Awards Daily talks to NBC’s MVP Kenan Thompson about juggling SNL and Kenan, working with Don Johnson, and being the leading man.
Unlike many of us who didn’t achieve our quarantine goals, Kenan Thompson kept busy with his You Already Know podcast, his long-running streak on Saturday Night Live, and launching his own NBC sitcom, Kenan. But like the character he plays on the show, he always has his family on the brain.
“I try to keep the office hours from 9 to 5 mostly,” says Thompson. “The SNL schedule is a little different, but we’re used to that family-wise. Fitting in the Kenan shoot, the family came out [to LA] for six weeks, which was nice. I was able to be around them. There were still a lot of long hours, but at least them being in town, I felt much closer to them.”
Another family member who followed him out to LA was SNL cast member Chris Redd, who stars as his brother Gary on the NBC series.
“Chris is such a good dude and he’s so beyond talented. I think it would be the same kind of vibe had we met on the Kenan set. I’m more than excited with the fact he’s playing my brother, almost as if my real brother were playing my brother.”
‘The Character I Needed to Be’
Watching Kenan, you see a different side of this actor, mostly known for his off-the-wall characters like Diondre Cole. On the series, he plays a widower raising his two daughters alongside his father-in-law (Don Johnson) and brother (Redd).
“I guess it became the character I needed to be. I was thinking definitely down the ‘dad role’ with this creative cycle—what was going to be my version of a good dad sitcom? One thing I hadn’t seen really explored at that time was a widower, so that’s where that came into it, and I thought that would be an intriguing show. And of course we would cover the comedy side and I thought that would be a rich show to engage as an audience member.”
He also gets to play more of the straight man to the ridiculousness around him in the form of a comedic team including Fortune Feimster, Kimrie Lewis, and of course, Don Johnson.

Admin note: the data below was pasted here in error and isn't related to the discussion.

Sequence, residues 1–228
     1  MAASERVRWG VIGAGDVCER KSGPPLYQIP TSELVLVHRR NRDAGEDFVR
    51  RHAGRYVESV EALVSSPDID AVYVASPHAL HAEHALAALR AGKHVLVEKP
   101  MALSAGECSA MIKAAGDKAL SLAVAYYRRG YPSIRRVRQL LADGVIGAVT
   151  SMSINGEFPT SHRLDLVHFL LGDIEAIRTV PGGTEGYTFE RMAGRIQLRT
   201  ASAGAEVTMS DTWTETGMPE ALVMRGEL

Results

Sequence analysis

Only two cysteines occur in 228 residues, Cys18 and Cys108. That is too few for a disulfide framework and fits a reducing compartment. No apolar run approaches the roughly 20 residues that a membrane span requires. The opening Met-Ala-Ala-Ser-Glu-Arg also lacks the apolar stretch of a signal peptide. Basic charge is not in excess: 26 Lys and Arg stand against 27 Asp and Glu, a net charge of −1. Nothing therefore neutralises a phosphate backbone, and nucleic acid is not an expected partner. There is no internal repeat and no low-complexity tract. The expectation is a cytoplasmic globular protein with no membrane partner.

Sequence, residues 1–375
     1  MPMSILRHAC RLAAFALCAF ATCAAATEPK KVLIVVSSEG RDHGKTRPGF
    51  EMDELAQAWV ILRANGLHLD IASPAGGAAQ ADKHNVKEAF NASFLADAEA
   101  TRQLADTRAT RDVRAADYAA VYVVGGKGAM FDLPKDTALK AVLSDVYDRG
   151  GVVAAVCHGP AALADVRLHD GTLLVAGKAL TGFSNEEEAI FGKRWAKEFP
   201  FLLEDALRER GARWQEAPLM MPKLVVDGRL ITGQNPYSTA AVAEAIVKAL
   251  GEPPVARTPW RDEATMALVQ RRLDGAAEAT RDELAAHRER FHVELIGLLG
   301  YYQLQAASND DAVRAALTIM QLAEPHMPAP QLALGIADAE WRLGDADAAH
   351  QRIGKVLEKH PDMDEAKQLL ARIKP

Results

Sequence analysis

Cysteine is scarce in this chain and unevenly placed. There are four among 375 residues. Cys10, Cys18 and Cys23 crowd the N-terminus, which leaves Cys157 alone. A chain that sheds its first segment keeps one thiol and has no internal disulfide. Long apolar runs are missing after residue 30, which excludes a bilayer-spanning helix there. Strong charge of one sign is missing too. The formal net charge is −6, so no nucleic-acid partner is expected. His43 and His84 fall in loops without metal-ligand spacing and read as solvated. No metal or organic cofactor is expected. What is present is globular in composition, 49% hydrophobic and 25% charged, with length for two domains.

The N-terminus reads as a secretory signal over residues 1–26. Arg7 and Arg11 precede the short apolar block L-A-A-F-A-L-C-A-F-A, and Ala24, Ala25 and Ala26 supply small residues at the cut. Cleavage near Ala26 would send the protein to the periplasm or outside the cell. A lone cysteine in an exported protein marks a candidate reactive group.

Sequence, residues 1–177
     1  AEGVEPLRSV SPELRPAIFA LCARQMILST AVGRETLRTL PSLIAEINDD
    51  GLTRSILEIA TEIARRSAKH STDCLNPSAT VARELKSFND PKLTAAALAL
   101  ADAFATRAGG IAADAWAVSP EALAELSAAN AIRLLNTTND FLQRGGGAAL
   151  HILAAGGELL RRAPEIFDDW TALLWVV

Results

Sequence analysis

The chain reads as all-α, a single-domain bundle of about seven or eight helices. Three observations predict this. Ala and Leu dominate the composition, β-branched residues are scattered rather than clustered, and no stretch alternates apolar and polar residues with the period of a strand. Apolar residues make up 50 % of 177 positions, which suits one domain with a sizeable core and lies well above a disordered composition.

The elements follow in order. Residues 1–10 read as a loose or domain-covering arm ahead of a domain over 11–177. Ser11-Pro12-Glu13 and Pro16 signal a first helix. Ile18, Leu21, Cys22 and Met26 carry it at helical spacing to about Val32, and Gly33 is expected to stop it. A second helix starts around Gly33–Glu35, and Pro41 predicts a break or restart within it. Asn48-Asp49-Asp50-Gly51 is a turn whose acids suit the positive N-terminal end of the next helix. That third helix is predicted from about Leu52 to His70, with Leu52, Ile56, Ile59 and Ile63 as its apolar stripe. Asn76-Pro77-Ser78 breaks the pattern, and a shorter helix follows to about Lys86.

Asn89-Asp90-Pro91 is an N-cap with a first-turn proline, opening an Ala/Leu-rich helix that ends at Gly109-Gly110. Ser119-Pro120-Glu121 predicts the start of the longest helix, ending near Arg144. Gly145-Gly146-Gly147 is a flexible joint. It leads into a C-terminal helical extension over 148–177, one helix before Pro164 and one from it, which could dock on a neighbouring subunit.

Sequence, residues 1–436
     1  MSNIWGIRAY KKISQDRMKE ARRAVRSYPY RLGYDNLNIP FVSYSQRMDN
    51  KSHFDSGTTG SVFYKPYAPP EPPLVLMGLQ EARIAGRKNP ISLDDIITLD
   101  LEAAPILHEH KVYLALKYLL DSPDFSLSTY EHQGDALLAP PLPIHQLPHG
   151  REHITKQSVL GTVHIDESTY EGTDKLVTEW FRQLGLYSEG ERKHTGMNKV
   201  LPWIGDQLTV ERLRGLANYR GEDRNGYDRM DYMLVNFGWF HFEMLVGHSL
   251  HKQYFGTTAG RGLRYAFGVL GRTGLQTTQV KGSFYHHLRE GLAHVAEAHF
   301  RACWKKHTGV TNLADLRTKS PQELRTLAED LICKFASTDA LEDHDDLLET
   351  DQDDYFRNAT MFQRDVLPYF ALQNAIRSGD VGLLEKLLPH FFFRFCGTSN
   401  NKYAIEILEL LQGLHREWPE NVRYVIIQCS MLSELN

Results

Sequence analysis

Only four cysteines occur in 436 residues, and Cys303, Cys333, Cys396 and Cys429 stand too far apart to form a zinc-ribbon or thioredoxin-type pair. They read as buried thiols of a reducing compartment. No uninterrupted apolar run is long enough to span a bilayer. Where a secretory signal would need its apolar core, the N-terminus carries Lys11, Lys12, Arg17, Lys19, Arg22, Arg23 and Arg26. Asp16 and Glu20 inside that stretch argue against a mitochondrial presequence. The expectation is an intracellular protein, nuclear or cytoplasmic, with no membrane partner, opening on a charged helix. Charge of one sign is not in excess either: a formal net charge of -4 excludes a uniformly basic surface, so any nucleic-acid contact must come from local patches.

“I love tossing up big giant softballs for them to hit out of the park. I think it makes the show better. And who knew Don Johnson was funny?”
Of course, audiences know Johnson for dramatic roles like Miami Vice and most recently Watchmen, but Thompson admits that Johnson’s comedic skills were a complete surprise on set.
“It’s the greatest thing in the world that Don is so cool and chill. He hit his stride along with us. He was definitely not a comic coming into this situation, so he was figuring out his rhythm and he figured it out quickly and rose to the challenge.”
The Benefits of a Sitcom
In the episode “Teacher’s Strike,” the show utilizes many child guest stars, when the children of employees who work on Kenan’s show are forced to hang around set and cause chaos, since they have nowhere to go following a teacher’s strike. Since Thompson is a child actor himself (All That, D2: The Mighty Ducks), I asked him what it was like working with this younger generation of actors.
“Nobody makes you stutter quicker than kids,” he laughs. “They’re great. They’re still kids, so you can’t be like, tighten up, until it’s actually the time [to shoot]. If you’re not really ready to go, they’ll lose their focus two seconds later. Don’t even waste your breath making them not be kids. Let them have fun.”
Just as audiences love when a celebrity drops in on SNL, Thompson loves the benefits of a sitcom, where you can bring in new actors each week for guest roles, like Vanessa Williams in Season 1 of Kenan.
“I forgot about the fact that shows become vehicles for guest stars to come in, people that you don’t expect. I remember watching Martin and Biggie Smalls showed up. I forgot how cool it is that sitcoms offer those opportunities on a pretty regular basis—every episode could be a guest star of some major-level actor. I would love to see a long list of that [for Kenan].”
Kenan airs on NBC.